EU reaches agreement on energy savings in buildings

A compromise agreement was reached in November on the recast of the Energy Performance of Buildings Directive. All buildings built after 31 December 2020 must have high energy-saving standards and be powered to a large extent by renewable energy. CEPI welcomes the agreement and the positive effect it will have on energy savings in buildings. 
On 17 November the European Council and the European Parliament reached a compromise agreement on the recast of the Energy Performance of Buildings Directive. By the end of 2020 Member States must ensure that all newly-constructed buildings have a "very high energy performance", and their energy needs must be covered to a very significant extent from renewable sources, including energy produced on-site or nearby. Member States must also draw up national plans for increasing the number of nearly zero energy buildings and, by mid-2011, make a list of financial and other incentives for the transition.

Existing buildings will have to improve their energy performance after major renovations, if technically feasible. This will mean encouragement to use the renovation for improvements such as installing smart meters and replacing existing heating with high-efficiency alternatives. Energy performance certificates will be required for any buildings constructed, sold or rented out to a new tenant, and buildings where over 500 m² (to be lowered to 250m² after five years) will be occupied by a public authority and frequently visited by the public.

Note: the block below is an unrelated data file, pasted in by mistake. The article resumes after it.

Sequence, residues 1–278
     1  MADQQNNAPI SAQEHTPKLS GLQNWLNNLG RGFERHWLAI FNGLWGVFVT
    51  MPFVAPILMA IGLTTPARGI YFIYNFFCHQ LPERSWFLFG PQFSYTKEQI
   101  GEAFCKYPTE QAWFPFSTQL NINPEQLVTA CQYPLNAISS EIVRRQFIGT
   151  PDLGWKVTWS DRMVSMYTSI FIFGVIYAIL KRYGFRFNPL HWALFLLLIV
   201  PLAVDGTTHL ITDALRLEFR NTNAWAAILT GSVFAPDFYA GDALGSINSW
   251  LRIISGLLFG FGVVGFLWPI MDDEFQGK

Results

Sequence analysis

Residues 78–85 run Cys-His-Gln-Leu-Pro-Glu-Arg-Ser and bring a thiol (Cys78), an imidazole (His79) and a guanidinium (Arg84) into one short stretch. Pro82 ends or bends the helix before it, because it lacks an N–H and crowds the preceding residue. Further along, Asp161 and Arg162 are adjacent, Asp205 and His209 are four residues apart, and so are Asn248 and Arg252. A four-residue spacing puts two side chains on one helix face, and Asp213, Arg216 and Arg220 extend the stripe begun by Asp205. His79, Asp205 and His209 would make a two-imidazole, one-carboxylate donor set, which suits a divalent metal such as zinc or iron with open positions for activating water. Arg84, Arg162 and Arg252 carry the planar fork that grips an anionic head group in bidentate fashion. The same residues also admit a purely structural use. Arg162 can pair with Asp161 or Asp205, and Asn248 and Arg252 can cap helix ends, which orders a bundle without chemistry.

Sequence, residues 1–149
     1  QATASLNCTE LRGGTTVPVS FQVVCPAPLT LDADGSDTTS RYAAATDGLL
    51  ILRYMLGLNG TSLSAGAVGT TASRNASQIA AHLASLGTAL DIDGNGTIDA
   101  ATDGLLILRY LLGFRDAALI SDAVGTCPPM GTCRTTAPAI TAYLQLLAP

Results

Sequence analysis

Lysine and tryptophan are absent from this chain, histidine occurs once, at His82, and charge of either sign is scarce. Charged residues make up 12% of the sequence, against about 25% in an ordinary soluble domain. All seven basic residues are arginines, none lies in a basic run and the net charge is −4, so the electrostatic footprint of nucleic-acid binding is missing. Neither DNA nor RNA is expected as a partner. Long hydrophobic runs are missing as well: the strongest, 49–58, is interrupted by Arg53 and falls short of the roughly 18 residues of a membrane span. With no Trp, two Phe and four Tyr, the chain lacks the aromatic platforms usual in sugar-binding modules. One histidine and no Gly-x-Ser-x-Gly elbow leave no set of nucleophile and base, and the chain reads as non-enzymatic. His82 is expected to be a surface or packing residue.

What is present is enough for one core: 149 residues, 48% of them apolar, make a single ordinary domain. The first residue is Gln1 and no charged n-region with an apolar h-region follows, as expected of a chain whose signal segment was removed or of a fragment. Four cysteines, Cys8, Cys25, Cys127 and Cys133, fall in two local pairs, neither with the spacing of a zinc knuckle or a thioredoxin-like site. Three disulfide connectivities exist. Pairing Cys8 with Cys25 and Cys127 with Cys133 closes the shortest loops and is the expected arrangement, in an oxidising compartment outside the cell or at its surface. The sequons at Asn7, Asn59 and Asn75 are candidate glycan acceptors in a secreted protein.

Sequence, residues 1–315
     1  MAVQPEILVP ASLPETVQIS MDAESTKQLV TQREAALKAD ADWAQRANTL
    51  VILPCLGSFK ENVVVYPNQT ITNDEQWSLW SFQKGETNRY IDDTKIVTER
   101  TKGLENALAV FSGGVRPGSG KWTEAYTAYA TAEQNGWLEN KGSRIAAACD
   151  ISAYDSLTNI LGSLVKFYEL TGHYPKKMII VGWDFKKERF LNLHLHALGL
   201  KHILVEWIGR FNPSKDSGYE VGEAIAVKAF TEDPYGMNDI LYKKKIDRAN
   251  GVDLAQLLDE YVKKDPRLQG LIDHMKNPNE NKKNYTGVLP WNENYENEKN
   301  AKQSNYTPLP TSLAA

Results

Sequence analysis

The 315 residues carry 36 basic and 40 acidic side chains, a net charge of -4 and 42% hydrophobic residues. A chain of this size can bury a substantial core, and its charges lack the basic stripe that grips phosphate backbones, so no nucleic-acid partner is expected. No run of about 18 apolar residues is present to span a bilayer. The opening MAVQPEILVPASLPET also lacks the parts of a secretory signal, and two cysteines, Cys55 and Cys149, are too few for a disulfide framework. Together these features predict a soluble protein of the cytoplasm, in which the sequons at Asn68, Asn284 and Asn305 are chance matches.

There are exemptions from these requirements for small houses (less than 50m² of floor area), holiday homes used for less than four months a year, buildings for religious activities, temporary buildings used for two years or less, industrial sites, workshops and agricultural buildings with low energy demand and protected historic buildings where an energy-efficiency measure would "unacceptably alter their character or appearance".

Also on 17 November, agreement was reached on a new Labelling Directive which will add more classes to energy labels for household appliances. It extends energy labelling from household goods to all energy-related products, like windows and outer doors.

The compromise texts still have to be formally approved by the Council and the Parliament, and are expected to be adopted early in 2010. (14/12/2009)